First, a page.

The divine Dante

Abandon all hope, ye who enter here.— Dante Alighieri, The Divine Comedy, 1320
 

The great Italian poet Dante Alighieri died in Ravenna, in northern Italy, in 1321. Seven hundred years later, the literary world is joining Italy in commemorating the life of a writer who is considered the father of the Italian language because he chose to write in vernacular Tuscan rather than Latin.

The Vision of Hell, 1868
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Written in the first person, Dante’s masterpiece The Divine Comedy — completed in the year before his death — follows the narrator’s progress through the three realms of the afterlife: hell, purgatory and finally paradise. In the nine circles of hell he finds adulterous lovers buffeted by the winds of passion, eternally clasping each other, and thieves with their hands cut off, their bodies entwined with serpents. As he descends from circle to circle, the sinners become increasingly spiteful, murderous and traitorous. Finally, at the centre of the earth, Satan takes each of the greatest sinners in one of his three mouths and eats them.

Throughout the work’s 100 sections, or cantos, Dante’s commentary on human traits and failings — on love, jealousy, greed, theft and the politics of his day — can easily be related to our world today. His ability to evoke an almost universal story has ensured the enduring popularity of his writing.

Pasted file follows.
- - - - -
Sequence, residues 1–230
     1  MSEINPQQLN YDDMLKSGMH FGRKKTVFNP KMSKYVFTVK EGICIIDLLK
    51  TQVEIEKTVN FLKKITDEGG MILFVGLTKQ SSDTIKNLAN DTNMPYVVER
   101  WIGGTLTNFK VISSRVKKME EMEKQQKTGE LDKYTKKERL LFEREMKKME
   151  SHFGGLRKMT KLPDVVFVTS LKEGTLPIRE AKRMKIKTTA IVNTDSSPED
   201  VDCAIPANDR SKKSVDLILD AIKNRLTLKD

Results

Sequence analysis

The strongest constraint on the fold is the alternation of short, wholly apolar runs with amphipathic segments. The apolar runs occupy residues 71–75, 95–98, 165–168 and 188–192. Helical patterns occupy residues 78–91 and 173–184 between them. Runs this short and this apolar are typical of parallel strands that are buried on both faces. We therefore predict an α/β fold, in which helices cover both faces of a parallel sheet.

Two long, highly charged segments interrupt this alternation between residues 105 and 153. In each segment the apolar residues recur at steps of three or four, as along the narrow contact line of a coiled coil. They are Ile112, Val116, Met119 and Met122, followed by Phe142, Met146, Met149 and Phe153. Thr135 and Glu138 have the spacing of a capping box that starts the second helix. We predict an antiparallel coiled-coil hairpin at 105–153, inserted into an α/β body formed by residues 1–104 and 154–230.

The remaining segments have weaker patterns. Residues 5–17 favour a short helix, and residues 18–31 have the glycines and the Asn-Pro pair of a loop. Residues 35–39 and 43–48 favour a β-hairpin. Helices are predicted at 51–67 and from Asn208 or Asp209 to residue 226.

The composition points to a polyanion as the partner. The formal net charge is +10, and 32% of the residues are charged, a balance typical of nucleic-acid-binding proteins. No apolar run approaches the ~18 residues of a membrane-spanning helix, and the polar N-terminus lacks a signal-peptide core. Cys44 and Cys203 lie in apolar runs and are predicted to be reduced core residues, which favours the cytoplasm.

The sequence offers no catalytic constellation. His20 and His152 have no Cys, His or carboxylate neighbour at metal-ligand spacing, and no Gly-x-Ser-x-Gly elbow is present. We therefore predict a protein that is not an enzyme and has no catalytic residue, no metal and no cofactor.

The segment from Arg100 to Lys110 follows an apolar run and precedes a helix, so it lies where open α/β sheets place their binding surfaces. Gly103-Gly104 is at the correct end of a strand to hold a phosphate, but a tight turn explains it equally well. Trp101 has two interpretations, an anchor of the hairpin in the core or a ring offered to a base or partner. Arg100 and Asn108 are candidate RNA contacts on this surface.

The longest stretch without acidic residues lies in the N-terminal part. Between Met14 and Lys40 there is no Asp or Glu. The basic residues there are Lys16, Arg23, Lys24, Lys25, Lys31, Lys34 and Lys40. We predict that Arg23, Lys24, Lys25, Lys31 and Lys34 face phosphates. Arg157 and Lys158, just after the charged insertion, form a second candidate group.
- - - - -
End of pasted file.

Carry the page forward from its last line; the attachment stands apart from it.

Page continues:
Dante’s work has also profoundly influenced artists, inspiring Botticelli and Blake, Delacroix, Dalí and Doré. His ideas and imagery have found their way into films, novels, music, mobile apps and video games.

Among many English translations, Australian author and critic Clive James’ version was published in 2013.  He described The Divine Comedy as a poem of almost unparalleled power — ‘a vast act of illumination’.

You can join the Library’s Dante commemorations, in partnership with the University of Sydney, which include events and displays throughout the year.

View a selection of rare books by Dante on display in the Library's Amaze Gallery from Saturday 27 March.

Maggie Patton, Rare Books & Maps expert

This story appears in Openbook Autumn 2021.